Every student at Boston International High School is a new immigrant. All at once, they must become adults and become Americans. Their teachers impart lessons in tenacity. They learn courage by example, from each other. Meet Cassania Gilson and Leonal Peguero, two graduating seniors from a school where roaring rounds of applause are the norm. Both face incredible odds as they depart.
Cassania Gilson started avoiding questions about college this spring, her senior year. Tony King, academic director at Boston International High School in Dorchester, had found gentle ways to ask about her options, but Cassania responded with excuses to leave his office.
It wasn’t like her, King said. He worried over her future.
Cassania saw only one path to college: a full scholarship. So that’s what she tried for. Her mother works at a supermarket. They have no savings. Most important, Cassania is not eligible to apply for federal student aid because of her immigration status.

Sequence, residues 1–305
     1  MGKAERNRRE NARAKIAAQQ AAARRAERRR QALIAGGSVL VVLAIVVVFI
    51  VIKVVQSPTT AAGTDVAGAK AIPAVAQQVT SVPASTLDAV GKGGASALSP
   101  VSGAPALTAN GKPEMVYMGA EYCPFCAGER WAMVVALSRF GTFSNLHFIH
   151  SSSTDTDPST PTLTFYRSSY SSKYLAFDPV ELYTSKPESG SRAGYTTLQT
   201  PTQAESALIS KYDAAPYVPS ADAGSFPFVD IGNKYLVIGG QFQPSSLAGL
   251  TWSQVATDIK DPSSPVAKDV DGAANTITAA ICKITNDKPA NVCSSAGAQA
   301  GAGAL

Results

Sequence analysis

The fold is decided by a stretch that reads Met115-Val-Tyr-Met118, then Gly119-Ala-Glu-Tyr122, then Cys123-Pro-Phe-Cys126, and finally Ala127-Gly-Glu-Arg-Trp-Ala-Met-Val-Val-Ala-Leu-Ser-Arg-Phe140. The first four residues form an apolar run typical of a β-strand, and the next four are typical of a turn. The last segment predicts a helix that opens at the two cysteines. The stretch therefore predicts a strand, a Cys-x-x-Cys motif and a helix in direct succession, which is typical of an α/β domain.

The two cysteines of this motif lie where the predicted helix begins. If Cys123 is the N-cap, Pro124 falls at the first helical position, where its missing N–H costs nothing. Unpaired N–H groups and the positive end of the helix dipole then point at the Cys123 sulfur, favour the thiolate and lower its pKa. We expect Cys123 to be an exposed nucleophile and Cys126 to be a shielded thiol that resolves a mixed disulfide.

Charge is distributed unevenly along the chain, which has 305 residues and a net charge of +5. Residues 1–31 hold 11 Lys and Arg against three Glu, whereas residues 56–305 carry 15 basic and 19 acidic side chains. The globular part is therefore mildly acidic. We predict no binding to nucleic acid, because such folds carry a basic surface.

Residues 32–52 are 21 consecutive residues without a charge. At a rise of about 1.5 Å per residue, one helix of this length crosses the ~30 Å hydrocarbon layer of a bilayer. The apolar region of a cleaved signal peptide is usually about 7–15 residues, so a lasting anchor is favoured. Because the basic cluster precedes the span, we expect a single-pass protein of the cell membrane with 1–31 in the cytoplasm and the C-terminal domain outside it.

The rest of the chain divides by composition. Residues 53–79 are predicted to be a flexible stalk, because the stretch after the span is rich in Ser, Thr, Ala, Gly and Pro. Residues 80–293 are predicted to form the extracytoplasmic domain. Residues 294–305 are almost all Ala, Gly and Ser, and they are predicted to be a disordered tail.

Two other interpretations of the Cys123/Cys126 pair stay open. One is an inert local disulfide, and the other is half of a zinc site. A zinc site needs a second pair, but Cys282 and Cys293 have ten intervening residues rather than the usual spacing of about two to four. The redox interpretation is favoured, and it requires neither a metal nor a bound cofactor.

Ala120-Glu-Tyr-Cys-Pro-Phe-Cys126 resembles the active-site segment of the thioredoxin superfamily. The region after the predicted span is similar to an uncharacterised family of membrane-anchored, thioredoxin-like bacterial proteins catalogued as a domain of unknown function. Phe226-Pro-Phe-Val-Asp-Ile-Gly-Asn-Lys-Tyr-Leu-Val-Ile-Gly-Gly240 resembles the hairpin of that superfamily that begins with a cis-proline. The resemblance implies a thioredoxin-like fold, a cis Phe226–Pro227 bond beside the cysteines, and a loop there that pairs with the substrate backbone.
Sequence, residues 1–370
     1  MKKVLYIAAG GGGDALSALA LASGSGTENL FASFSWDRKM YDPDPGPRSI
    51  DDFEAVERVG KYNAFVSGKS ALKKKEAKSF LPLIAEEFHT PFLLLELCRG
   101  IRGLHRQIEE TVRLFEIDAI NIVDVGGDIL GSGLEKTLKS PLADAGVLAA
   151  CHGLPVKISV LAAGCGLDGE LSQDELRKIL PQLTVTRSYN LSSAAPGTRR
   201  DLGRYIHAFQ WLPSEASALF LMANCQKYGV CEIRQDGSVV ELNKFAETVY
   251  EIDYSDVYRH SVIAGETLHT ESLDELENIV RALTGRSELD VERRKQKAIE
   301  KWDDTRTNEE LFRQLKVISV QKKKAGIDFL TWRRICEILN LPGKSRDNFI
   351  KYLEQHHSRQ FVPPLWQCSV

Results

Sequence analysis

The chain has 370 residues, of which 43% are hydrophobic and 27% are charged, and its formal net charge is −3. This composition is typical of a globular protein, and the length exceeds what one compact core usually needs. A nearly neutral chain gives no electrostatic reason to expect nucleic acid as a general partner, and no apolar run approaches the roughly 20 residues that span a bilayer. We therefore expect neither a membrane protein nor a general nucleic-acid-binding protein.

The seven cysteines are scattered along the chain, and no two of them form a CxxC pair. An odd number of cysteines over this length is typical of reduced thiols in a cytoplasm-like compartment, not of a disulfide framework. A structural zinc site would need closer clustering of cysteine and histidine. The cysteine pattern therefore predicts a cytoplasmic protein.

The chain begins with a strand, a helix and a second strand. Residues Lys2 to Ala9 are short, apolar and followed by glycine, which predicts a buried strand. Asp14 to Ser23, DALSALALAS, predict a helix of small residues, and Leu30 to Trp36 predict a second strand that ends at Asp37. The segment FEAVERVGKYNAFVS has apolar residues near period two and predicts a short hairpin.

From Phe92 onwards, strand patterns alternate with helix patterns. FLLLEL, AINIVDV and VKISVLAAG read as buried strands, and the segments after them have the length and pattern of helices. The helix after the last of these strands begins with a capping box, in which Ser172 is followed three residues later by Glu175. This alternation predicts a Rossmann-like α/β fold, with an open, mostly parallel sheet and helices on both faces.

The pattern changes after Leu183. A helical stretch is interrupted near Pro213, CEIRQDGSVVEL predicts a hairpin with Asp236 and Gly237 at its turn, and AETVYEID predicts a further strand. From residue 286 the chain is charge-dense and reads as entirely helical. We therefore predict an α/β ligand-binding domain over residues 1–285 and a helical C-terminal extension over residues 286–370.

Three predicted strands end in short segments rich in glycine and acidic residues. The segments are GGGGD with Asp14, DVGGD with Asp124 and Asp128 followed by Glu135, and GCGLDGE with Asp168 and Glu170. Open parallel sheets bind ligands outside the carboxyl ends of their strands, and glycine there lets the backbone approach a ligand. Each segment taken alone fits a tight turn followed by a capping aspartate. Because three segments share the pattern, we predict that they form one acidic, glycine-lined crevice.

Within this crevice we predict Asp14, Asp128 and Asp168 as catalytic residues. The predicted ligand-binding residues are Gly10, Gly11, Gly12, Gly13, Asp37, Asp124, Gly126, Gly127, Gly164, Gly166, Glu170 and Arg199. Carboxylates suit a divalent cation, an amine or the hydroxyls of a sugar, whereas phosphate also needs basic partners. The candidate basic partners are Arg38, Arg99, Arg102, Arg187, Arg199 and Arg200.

She left Haiti after the 2010 earthquake, and remains here under Temporary Protected Status, offered in 18-month increments to non-citizens who cannot safely return to their home countries.
When the ground began rolling beneath her in Port-au-Prince, Cassania was at home enjoying a telenovela. She’d just finished a game of basketball with friends, and her grandmother was aerating her school uniform in the dining room. Cassania got up and ran.
You have reached the limit of 5 free articles in a month
Stay informed with unlimited access to Boston’s trusted news source.
- High-quality journalism from the region’s largest newsroom
- Convenient access across all of your devices
- Today’s Headlines daily newsletter
- Subscriber-only access to exclusive offers, events, contests, eBooks, and more
- Less than 25¢ a week